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dc.contributor.authorMcLeod, Heather Alison
dc.descriptionThesis (Masters Diploma (Medical Technology) -- Cape Technikon, Cape Town, 1992
dc.description.abstractGastric cancer, a fatal malignancy, is endemic in the Coloured population of the Western Cape region of South Africa. Diagnosis is based mainly on histologic investigation with patients of either sex being mainly between 40-60 years of age. The extent to which genetic and environmental influences play a role in the aetiology of the disease is unknown. This study is an attempt to biochemically characterise gastric mucins or mucus glycoproteins, (the main gel forming components of crude mucus scrapings off the mucosal surface), in carcinoma of the stomach (HCA), as compared to those in ulcer disease (HGU), post mortem specimens (PM) and samples obtained from organ transplant donor stomachs (HD). The aim of this study is the development of a diagnostic marker within mucus secretions for the detection of pre-malignant disease amongst the high risk population of the Western Cape region of South Africa. Mucins were extracted from crude mucus gel scrapings according to a carefully designed technique in which proteolytic inhibitors were used to minimise the possibility of endogenous proteolysis in the laboratory through possible contamination. Two density gradient ultra-centrifugation steps for 48 hours each at 105,000g in caesium chloride, a well established standard isolation procedure for mucins, gave a yield of pure mucins which fractionated at a density of approximately 1.41gjml in all groups. These mucins, from the HO, PH, HGU and HCA groups eluted mainly in the included volume of a Sepharose 2B column as broad, polydisperse peaks, suggesting that they were degraded and comprised mainly lower molecular weight PAS positive material in relation to large polymeric gel forming mucin.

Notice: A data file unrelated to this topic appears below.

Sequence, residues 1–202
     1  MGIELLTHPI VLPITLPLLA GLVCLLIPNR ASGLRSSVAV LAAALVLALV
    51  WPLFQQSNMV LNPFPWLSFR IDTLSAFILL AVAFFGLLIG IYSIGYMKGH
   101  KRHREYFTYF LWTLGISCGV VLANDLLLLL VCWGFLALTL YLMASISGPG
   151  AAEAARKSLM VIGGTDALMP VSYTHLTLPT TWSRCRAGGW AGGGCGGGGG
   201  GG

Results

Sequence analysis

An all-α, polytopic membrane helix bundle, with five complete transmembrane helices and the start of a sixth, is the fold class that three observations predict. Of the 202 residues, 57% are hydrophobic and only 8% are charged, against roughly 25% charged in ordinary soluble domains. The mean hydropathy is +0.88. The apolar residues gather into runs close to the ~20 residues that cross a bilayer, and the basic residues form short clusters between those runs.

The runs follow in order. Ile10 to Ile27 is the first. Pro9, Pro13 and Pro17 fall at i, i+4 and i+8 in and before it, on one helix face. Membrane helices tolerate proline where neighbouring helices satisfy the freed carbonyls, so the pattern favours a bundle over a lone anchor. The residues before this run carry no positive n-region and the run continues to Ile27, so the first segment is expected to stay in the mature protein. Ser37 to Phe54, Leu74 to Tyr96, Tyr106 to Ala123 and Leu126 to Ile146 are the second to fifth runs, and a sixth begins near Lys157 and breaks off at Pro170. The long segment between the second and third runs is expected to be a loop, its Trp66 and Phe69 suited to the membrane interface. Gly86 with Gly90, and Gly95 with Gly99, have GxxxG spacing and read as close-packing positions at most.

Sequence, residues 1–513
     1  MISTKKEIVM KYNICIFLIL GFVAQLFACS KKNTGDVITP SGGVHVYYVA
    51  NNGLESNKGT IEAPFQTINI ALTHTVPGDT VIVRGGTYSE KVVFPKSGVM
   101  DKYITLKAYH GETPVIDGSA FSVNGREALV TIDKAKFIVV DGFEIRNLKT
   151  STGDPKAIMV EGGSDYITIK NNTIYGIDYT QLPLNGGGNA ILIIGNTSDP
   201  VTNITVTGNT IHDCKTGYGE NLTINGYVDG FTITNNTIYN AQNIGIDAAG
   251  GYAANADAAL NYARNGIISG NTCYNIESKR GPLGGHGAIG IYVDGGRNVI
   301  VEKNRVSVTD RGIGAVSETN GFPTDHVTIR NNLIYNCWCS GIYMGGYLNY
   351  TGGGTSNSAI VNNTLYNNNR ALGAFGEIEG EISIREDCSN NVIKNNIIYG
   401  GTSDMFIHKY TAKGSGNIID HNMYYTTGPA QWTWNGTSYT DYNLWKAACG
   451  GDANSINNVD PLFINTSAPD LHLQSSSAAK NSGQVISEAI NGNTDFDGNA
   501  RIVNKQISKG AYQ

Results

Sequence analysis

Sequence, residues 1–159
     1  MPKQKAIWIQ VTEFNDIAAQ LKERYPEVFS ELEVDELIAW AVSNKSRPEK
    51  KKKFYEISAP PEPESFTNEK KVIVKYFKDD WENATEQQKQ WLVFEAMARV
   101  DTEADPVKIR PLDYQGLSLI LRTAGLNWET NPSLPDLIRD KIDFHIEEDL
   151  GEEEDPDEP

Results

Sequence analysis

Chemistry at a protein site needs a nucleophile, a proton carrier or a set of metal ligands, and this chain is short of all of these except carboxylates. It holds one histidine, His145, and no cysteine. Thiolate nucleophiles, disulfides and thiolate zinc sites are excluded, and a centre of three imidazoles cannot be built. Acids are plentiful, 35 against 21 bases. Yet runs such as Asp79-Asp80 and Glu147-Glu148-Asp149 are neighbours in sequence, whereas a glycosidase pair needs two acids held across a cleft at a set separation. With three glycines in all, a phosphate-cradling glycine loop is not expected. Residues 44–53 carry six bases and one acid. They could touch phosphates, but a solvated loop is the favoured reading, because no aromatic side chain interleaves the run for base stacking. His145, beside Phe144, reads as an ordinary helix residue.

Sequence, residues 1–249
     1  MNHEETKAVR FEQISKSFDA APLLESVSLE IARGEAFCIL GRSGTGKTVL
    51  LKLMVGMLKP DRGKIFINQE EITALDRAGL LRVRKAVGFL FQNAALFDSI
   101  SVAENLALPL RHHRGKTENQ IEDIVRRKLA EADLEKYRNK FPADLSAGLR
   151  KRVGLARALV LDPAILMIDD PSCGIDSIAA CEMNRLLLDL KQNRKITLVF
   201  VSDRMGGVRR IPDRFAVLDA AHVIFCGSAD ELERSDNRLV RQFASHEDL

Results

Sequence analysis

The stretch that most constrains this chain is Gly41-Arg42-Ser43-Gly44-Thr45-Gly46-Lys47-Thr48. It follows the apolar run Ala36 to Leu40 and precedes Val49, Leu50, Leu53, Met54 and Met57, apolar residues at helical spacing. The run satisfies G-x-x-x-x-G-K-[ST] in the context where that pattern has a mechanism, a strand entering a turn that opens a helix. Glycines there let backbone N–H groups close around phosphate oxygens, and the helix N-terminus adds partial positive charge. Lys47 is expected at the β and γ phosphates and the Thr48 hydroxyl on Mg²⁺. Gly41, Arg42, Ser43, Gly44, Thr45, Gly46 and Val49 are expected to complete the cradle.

dc.publisherCape Technikonen
dc.subjectMedical technologyen_US
dc.subjectGastric mucosa -- Diseasesen_US
dc.subjectGlycoproteins -- Analysisen_US
dc.titleBiochemical characterisation of human gastric mucin in normal and diseased states

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